'The junior high Paterno'
“Junior high Paterno” is the nom de guerre the Tacoma (Wash.) News Tribune affixed to one Barry Crust, who is in his last year coaching middle school sports at Hudtloff Middle School in Lakewood, Wash. That’s not because Crust has coke bottle bottoms on his glasses, wears white socks with any shoes, and found late-career success by loosening his recruiting standards to include more criminals. It’s because Crust is old.
Crust started at Lakewood in 1967 and never went anywhere else, beginning his career one year after Paterno took the head job for Penn State’s football team and never went anywhere else. As the News Tribune itself noted, all Paterno had to do was coach football. By the newspaper’s calculation, Crust has coached the equivalent of 117 seasons — a “baseball coach for 42 years, a wrestling coach for 31 years, a football coach for 26 years, a fastpitch coach for 14 years. Factor in a couple of years of basketball and one each for track and volleyball … .” Crust retired as a physical education teacher in 1997, but he’ll finish his 118th and final season in the spring of 2010 when he coach’s Hudtloff’s baseball team.
The News Tribune asked Crust how kids and sports have changed over 42 years, naturally. Crust’s answers are not what you’d call, well, crusty:
— Girls aren’t just stuck in intramurals anymore, something Crust thought was “silly” and “unfair.”
— Other than being bigger and faster, and having different hairstyles, kids haven’t really changed much over the years.
— The biggest change has been the decline of the all-around athlete.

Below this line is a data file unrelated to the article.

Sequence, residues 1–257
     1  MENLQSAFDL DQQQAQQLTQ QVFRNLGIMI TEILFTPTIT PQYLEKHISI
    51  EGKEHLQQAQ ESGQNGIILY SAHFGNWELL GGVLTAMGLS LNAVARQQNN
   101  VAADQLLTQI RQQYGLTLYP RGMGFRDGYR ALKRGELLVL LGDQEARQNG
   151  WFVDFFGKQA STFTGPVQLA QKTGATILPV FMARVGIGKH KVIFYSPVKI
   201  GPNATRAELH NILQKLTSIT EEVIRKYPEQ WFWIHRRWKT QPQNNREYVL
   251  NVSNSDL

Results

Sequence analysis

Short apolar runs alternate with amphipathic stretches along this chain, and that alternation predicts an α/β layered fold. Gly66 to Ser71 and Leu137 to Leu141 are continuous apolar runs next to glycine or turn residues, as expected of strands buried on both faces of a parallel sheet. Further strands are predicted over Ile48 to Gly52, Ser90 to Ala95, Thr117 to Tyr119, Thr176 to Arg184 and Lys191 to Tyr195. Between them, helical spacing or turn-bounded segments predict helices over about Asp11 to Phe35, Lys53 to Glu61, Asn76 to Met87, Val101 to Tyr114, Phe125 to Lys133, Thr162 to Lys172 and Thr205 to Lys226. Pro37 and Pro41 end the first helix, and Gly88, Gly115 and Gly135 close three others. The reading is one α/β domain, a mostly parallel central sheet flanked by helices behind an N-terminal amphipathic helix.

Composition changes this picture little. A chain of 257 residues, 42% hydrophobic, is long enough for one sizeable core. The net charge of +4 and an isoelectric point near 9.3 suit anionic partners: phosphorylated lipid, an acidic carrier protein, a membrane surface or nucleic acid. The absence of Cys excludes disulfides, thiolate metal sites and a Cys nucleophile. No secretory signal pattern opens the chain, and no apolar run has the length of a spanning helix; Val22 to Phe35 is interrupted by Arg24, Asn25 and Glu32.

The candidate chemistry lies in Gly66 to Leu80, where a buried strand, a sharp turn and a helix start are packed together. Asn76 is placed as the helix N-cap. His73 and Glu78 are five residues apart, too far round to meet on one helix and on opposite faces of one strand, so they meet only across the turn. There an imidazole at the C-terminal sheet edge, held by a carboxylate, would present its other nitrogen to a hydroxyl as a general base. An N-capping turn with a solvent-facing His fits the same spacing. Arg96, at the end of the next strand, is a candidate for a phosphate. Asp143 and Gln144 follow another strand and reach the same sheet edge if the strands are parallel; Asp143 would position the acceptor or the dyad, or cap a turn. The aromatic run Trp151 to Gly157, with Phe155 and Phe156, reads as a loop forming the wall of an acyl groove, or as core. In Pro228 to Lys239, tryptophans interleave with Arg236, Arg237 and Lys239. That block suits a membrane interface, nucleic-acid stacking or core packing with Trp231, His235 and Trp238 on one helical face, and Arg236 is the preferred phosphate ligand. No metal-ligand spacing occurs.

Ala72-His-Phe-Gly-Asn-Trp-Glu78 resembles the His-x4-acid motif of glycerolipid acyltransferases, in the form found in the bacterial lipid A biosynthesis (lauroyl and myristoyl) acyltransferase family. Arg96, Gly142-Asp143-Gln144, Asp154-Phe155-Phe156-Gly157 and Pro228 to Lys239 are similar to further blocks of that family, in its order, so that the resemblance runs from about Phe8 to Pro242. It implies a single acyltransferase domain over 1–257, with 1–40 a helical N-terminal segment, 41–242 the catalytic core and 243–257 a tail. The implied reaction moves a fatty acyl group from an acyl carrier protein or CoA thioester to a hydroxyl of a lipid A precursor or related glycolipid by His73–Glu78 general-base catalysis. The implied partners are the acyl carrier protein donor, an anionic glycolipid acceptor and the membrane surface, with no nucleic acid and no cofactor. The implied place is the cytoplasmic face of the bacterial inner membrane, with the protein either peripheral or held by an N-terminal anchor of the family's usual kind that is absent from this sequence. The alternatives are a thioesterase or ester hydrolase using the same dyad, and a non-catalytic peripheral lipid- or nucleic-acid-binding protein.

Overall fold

Crust fears the concept of the all-around athlete has been compromised by a youth-sports culture that demands specialized talents.
“We’ll have an after-school baseball practice from 3:15 to 5,” he said, “and then the kids are picked up for their next practice, which goes until 7. What that means is I’m not their only coach, so I’ve got to be flexible.
“Take bunting. If you don’t know how to bunt, I’ll show you. But if you’ve learned a different technique from somebody else, I don’t want to waste our time trying to undo everything.”
Interestingly, Crust credits spreading himself coaching over multiple sports as a reason why he lasted so long.
Not that Crust bemoans the relative brevity of any junior high sports season. To the contrary, he believes the schedule – two weeks of practice, five weeks of games, everything wrapped up in two months – kept him fresh during the three decades he spent as full-time P.E. instructor and busy-bodied coach.
It sounds like Crust kept some perspective about youth sports and his role in them. No wonder he appears to be retiring happy, and on his own terms.